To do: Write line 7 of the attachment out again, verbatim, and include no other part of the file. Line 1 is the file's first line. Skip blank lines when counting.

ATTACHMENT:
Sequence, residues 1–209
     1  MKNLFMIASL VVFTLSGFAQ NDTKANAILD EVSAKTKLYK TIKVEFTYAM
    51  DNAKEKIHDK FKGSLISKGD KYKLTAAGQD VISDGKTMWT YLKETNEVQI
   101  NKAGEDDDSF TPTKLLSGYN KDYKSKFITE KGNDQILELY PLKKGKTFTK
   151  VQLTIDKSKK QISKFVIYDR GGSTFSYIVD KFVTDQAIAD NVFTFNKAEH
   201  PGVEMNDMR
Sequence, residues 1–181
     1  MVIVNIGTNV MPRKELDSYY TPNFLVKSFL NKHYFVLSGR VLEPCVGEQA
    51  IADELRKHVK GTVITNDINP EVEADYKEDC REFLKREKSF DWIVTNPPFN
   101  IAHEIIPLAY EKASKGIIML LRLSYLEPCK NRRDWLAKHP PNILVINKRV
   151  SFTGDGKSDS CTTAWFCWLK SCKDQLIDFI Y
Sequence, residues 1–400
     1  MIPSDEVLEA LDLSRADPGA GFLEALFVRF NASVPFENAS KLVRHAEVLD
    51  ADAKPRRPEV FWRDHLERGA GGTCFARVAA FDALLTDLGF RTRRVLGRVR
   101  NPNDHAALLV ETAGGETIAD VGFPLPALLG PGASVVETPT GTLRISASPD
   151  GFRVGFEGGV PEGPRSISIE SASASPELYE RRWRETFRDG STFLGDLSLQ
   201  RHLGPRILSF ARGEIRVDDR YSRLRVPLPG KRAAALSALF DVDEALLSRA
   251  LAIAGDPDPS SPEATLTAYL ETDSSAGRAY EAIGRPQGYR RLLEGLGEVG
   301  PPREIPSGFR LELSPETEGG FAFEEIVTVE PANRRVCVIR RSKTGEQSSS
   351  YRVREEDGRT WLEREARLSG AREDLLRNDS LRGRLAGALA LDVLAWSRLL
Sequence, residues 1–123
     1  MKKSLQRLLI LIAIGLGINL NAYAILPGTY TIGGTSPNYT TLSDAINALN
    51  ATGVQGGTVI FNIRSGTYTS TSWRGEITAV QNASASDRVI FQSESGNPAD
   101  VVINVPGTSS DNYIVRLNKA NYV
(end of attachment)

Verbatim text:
Sequence, residues 1–181